The business world of the 21st century bears little resemblance to that of the 17-20th centuries. The conceptualization of the world as an elaborate machine and the quest for more and better ways to command, control and predict is giving way to a new understanding sometimes referred to as the VUCA world.
In a VUCA World, enlightened leaders are beginning to grasp the futility of the quest for control and predictability for organizations and the people who work within them in the rapidly changing, uncertain, ambiguous, complex and often volatile new business reality. This understanding is supported by the latest scientific advances in chaos and complexity, quantum physics, neuroscience, etc., and necessitates an updated vocabulary that better represents the emerging realities; human beings and the organizations in which they work as complex living systems – not machines.
The Power of Words
Words have an amazing power to impact the way we think and feel. As the great English writer/storyteller Rudyard Kipling put it:
“Words are the most powerful drugs used by mankind.
Not only do words infect, egotize, narcotize and paralyze,
but they enter into and colour the minutest cells of the brain.”
Unfortunately, the vocabulary commonly used today in organizational and employee wellbeing is still often stuck in those 17th-20th century conceptualizations of organizations and human beings. With that in mind, we have put together some suggestions to help business and wellbeing professionals alike begin to update our vocabulary to better represent 21st century realities. We hope you will find these instructive and we invite you to send in your own additional suggestions.
- From Pyramidal Hierarchy to Network of Teams
The traditional pyramidal organizational chart consists of boxes of roles stacked neatly on top of one and other, with the CEO at the top. This makes perfect sense for a mechanistic world based on command and control. But in a VUCA world hierarchies are just too inflexible and too slow to react effectively to change. Enlightened leaders are rapidly becoming aware of this. In the most recent Deloitte Research, spanning more than 130 companies and 7,000 responses, senior executives and HR leaders rated organizational design as their number 1 priority. Pyramidal hierarchies, along with organizational charts and time punch cards are all remnants of the mechanistic worldview of the 17th century and the Scientific Management (Taylorism) of the 20th century. The overwhelming trend in a VUCA world is for companies to be flattening out their structures, pushing responsibility down and relying on networks of teams. In fact, some highly successful companies have done away with their hierarchies altogether; transferring virtually all decisions to the employees on the front line (nurses, machine operators, teachers, etc.) – from budgets, to hiring and firing, to establishing decision making guidelines to calling meetings.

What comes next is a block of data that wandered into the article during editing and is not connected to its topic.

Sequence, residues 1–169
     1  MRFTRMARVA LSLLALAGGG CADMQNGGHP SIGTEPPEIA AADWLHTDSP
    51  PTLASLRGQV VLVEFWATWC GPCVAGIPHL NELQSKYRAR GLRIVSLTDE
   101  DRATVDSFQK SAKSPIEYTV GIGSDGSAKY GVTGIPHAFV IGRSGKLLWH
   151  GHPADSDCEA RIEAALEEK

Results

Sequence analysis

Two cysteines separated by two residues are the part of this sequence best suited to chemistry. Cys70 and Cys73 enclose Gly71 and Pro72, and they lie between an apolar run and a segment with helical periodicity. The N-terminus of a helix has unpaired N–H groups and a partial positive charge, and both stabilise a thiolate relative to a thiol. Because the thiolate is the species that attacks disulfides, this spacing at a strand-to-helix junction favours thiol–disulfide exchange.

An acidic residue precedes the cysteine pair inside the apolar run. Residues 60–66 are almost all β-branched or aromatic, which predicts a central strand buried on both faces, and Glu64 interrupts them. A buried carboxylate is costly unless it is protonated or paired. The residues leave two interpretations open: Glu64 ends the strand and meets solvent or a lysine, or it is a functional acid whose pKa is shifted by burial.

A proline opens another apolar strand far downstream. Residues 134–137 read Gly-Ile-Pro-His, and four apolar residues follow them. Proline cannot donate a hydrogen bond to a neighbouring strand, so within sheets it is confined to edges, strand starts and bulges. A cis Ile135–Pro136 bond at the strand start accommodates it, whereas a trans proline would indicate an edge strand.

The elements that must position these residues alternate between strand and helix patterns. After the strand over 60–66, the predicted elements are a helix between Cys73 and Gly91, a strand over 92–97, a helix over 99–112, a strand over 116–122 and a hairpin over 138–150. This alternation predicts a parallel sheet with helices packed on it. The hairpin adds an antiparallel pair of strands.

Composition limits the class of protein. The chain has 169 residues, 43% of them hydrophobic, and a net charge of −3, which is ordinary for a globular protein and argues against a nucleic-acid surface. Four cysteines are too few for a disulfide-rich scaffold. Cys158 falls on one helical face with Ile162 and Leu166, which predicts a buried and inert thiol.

- From Maximizing Profits to Maximizing Purpose
The Firms of Endearment (FoEs) are 28 widely loved companies including among others; Whole Foods, FedEx, Starbucks, Google, Panera, Southwest Airlines, Patagonia, Costco, Toms, and Zappos. As the authors describe, unlike traditional companies, FoEs –
“Are fueled by passion and purpose, not cash. They earn large profits by helping all their stakeholders thrive: customers, investors, employees, partners, communities and society.”
It turns out that when you create a culture based on love, take care of all your stakeholders as if they were family, and focus on maximizing purpose, the profits – and impressive profits at that – will follow. The authors (all distinguished, world-renowned experts in the business world) call out to business leaders:
“As leaders of FoEs do, companies of every type and size should consciously shape their cultures around the idea that we are here to help others live their lives with greater satisfaction, to spread joy and well being, to elevate and educate, and to help employees and customers fulfill their natural potential.”